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Area of Concentration:

Energy & Climate

Escalating fossil fuels costs and rising concern over the related impacts of a changing global climate together with declining costs and increased efficiency of renewable energy sources have stimulated the quest for sustainable energy resources. Renewable energy uses natural resources through differing technologies such as solar power, wind power, biomass, geothermal, and various others as mechanisms to produce energy, mostly through electricity and heat. The challenges posed by energy, climate change, and urban-regional development intersect in important ways.

The Rockefeller Foundation’s President, Judith Rodin, gave a plenary lecture during the American Association for the Advancement of Science 2008 annual meeting (Rodin 2008).  She drew stark attention the urban-poverty-climate change nexus. With reference to Millennium Ecosystem Assessment, and the Fourth Assessment Report of the Intergovernmental Panel on Climate Change (IPCC)., Rodin argued that “environmental degradation, climate change, and poverty are inextricably connected” ...and that, “unplanned urbanization in the developing world will exacerbate the impacts of climate change already experienced by the rural poor.”  Rodin cited a UN-HABITAT study projecting that within three decades, one of every three people on earth will live in “near total squalor: packed tightly on ecologically fragile land, lacking sanitation and clean water, vulnerable to the effects of extreme weather.”  Dryer conditions punctuated by more extreme weather events (rainstorms) could wreak havoc in certain regions of the world.  There is rising concern that climate change may see higher levels of certain types of water- and food-borne contamination along with an increase in certain diseases transmitted by insects (e.g., Lyme disease, West Nile Virus and Hantavirus pulmonary syndrome) (UNEP 2007).  At the same time, sea-level rise may inundate low-lying coastal areas.


Manzanita Ridge

By Sean Kriletich on January 13, 2011 at 10:04 AM



The significance of the greening of energy production and policy lies within the uncertain future of energy infrastructure and the ability for renewable energy to provide a long- term sustainable alternatives to traditional oil-based systems. The diversification of energy sources is an integral part of the goal to reduce greenhouse gas emissions, provided that the necessary institutional framework exists to increase the incorporation of these technologies through public policy change as well as their expanded implementation at the local and regional levels.

Climate Change 101: Understanding and Responding to Global Climate Change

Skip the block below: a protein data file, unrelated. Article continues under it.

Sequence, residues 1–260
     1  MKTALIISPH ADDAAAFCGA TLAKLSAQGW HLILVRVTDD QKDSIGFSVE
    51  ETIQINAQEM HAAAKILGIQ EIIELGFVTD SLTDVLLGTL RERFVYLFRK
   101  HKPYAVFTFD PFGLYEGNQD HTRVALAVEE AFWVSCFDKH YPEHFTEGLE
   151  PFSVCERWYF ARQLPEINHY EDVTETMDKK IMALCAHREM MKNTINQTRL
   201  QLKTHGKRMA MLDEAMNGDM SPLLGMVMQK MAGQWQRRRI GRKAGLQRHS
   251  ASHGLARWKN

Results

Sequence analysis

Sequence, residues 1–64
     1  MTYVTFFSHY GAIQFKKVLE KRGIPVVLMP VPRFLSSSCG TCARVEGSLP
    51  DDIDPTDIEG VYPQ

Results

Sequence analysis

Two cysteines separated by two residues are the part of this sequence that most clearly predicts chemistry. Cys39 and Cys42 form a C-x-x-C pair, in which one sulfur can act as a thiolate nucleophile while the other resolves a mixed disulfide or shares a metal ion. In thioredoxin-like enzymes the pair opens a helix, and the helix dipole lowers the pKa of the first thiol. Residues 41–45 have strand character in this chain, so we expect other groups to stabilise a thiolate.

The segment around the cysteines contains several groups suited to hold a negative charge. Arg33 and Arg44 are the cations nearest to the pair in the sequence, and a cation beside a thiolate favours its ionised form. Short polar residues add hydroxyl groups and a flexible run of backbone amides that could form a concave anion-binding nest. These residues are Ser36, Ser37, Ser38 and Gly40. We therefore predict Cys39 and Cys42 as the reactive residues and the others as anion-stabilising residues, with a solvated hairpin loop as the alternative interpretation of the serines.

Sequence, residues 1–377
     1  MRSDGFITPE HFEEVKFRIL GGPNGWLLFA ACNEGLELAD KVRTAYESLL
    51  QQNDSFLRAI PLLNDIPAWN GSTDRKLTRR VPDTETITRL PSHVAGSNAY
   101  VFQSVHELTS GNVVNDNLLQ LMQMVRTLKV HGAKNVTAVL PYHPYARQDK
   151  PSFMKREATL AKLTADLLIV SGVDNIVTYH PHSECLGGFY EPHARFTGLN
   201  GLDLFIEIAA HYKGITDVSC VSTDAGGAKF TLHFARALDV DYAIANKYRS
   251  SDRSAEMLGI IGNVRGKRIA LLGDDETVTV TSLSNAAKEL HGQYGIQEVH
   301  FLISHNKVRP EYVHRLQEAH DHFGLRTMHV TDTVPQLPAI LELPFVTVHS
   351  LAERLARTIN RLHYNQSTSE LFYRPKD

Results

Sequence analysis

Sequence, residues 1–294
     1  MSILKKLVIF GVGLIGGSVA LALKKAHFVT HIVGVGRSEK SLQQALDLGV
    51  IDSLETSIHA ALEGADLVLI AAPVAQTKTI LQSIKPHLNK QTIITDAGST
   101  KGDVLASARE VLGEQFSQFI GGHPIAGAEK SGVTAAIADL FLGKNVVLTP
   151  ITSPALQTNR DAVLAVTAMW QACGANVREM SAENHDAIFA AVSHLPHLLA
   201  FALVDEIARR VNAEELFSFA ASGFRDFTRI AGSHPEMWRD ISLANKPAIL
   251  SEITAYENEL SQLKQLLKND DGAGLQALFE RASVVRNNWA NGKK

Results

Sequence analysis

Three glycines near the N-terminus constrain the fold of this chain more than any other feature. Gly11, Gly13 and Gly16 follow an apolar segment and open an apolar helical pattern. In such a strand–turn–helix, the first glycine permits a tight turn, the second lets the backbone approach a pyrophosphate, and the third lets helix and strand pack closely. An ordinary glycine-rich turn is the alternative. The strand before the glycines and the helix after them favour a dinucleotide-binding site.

(excerpt below copied from a series published by the Pew Center on Global Climate Change and the Pew Center on the States).

The science is clear: climate change is happening, and it is linked directly to human activities that emit greenhouse gases. This overview summarizes the eight-part series Climate Change 101: Understanding and Responding to Global Climate Change. Science and Impacts discusses the most current scientific evidence for climate change and explains its causes and projected impacts. Adaptation discusses these impacts in greater depth, explaining how planning can limit the damage caused by unavoidable climate change, as well as the long-term costs of responding to climate-related impacts. As explored in greater depth in Technological Solutions, a number of technological options exist to avert dangerous climatic change by dramatically reducing greenhouse gas emissions both now and into the future. Cap and Trade explains how a capand- trade program sets a clear limit on greenhouse gas emissions and minimizes the costs of achieving this target, offering an environmentally effective and economically efficient response to climate change. Business Solutions, International Action, State Action, and Local Action describe how business and government leaders at all levels have recognized both the challenge and the vast opportunity dealing with climate change presents. These leaders are responding with a broad spectrum of innovative solutions. To address the enormous challenge of climate change successfully, new approaches are needed at the international level, and the United States must re-engage in the global effort and adopt strong and effective national policies. http://www.pewclimate.org/docUploads/Climate101-Complete-Jan09.pdf


Perfect storm

Posted by Keith Pezzoli on May 31, 2011 at 07:23 PM


UN concerned about food riots

Posted by Keith Pezzoli on February 18, 2011 at 07:16 PM


New European web resource for climate change adaptation

Posted by Keith Pezzoli on November 07, 2010 at 11:37 PM


Cities as net renewable energy generators

Posted by Keith Pezzoli on November 07, 2010 at 03:20 AM


Action Research Books

Posted by Keith Pezzoli on November 05, 2010 at 02:50 PM


Innovative ways to green the economy in North America.

Posted by Keith Pezzoli on October 28, 2010 at 12:01 AM


Climate Change Resources

Posted by Keith Pezzoli on October 27, 2010 at 11:40 PM


Human-induced environmental changes and the emergence and transmission of infectious diseases

Posted by Keith Pezzoli on October 20, 2010 at 12:45 AM


NRC Reports on Climate Change

Posted by Keith Pezzoli on October 09, 2010 at 02:32 PM


Future of U.S. Climate Change Science Program

Posted by Keith Pezzoli on September 21, 2010 at 06:35 PM



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County of San Diego Climate Action Plan, click here